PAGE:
Matchbook Ambassador Hugo Palmer reflects on a mixed bag in 2019 while setting the agenda for a promising 2020.
Like any sporting endeavour, there have been high points and low points to our season. It’s the same in all walks of sporting life. You have good periods and bad periods. It was like that for us this season, but we come out of the season with lots to look forward to.
Mootasadir epitomised the highs and the lows. He bookended the season with a high and a low. Winning the Magnolia Stakes at Kempton in March was obviously a high, it was a fantastic start, but his injury at Dundalk in the Diamond Stakes on his latest run was less thrilling.
Heavenly Holly winning the Fillies’ And Mares’ Stakes at the All-Weather Championships at Lingfield in April was another high. Then Set Piece ran a big race in the Craven Stakes, and everything was rosy then. We had Guineas dreams. But it didn’t take long for a few things to creep in. We struggled with the horses’ health in May and June. Thank goodness, we were able to clear it and we had a good rest of the season.
Powerful Breeze was obviously huge for us.
She is the real deal.
I have spoken about her lots, but it was a really good day when she won the May Hill Stakes. We have other nice horses, but we are dreaming about them, that they might become Group 1 performers. Powerful Breeze is a Group 1 performer already.
I see no reason why she won’t be bigger and better at three. I went to see her there the other day, and she has already grown. She’ll be coming back to us before the end of November, and I’m hugely excited by what she might become.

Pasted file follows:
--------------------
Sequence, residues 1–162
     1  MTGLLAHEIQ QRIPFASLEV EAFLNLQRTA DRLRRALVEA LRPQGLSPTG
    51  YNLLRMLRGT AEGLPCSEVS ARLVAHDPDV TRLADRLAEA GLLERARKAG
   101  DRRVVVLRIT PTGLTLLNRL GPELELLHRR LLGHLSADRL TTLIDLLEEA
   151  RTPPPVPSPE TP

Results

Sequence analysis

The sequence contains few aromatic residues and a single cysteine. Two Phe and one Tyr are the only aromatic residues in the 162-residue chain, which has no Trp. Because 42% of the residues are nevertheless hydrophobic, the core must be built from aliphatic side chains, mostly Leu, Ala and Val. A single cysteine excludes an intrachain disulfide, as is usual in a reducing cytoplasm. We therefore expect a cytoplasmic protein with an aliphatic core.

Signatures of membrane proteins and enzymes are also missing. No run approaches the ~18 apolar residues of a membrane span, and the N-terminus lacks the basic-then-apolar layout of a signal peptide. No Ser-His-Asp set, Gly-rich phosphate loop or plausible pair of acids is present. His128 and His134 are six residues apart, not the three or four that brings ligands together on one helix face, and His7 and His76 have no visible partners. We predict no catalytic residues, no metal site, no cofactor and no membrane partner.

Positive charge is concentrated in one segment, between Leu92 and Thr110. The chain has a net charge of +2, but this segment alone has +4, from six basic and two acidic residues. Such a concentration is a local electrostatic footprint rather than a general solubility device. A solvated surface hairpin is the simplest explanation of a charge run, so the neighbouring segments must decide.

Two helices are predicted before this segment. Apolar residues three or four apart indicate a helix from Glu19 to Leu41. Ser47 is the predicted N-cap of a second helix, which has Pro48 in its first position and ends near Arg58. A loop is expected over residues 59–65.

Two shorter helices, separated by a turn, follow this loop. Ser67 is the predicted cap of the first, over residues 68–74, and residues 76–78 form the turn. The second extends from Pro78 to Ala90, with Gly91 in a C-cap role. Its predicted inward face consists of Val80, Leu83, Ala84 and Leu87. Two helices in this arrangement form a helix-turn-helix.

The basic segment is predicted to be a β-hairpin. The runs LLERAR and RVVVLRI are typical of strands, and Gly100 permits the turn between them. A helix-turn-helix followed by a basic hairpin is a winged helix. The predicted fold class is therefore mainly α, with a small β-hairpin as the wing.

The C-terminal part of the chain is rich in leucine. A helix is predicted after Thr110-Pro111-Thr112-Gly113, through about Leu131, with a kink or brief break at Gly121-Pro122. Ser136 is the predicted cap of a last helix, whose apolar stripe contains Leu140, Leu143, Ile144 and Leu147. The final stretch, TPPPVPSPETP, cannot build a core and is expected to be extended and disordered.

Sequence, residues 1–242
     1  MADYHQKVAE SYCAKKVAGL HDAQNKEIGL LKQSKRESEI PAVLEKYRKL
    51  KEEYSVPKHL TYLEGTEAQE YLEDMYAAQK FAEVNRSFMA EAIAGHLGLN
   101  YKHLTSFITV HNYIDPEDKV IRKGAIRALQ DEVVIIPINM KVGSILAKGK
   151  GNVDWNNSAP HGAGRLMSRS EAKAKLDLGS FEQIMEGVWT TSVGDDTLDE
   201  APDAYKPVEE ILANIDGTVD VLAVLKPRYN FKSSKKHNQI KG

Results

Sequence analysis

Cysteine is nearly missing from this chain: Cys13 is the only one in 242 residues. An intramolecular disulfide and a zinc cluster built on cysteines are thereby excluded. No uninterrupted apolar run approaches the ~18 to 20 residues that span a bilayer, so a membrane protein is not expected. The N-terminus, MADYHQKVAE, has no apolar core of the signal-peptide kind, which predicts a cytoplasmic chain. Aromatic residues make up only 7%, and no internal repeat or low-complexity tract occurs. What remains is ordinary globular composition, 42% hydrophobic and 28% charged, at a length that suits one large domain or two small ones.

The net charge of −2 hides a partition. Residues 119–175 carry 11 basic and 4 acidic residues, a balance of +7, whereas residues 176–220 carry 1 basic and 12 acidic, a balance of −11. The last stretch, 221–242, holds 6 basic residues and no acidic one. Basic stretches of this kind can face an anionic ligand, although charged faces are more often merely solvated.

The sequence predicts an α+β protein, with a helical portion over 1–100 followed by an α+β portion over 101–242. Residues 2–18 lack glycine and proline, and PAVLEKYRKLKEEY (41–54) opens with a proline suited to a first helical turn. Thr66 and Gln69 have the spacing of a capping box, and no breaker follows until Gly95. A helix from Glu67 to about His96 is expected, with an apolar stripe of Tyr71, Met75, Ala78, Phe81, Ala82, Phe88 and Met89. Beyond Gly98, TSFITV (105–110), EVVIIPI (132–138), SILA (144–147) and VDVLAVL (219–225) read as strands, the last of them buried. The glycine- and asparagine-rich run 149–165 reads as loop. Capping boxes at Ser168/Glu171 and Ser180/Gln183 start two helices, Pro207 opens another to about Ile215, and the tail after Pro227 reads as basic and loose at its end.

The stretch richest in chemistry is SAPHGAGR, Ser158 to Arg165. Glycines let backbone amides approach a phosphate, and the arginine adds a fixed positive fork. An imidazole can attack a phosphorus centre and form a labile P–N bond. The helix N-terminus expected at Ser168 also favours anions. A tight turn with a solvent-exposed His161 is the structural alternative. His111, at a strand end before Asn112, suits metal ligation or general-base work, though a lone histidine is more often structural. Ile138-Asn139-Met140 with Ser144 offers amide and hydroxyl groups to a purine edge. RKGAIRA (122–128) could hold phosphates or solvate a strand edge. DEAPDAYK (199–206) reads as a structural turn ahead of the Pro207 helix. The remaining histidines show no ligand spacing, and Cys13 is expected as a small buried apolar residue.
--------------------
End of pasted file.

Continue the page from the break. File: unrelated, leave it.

As I have said before, she very much arrived on the scene quickly in the yard. She had only had two bits of fast work before she won on debut. I don’t see that she’ll need very much work to get her ready for the Guineas. She doesn’t strike me as the sort of filly who will need a run. That might change, and that’s the beauty of it, we don’t need to decide now. She is a Group 2 winner and she has proved that she’s a Group 1 filly, so we don’t need to run her in a trial, in a Group 3 race before the Guineas if we don’t want to.
She could get 10 furlongs at some stage next year. She looks physically like a 10 furlong horse, but I think that’s Iffraaj for you. You think that there is a little bit of strength and scope to them. Not many Iffraaj’s have stayed further than 10 furlongs, but maybe the Nassau Stakes at Goodwood wouldn’t be out of the question. That’s a long way off though. We don’t need to think about that at present.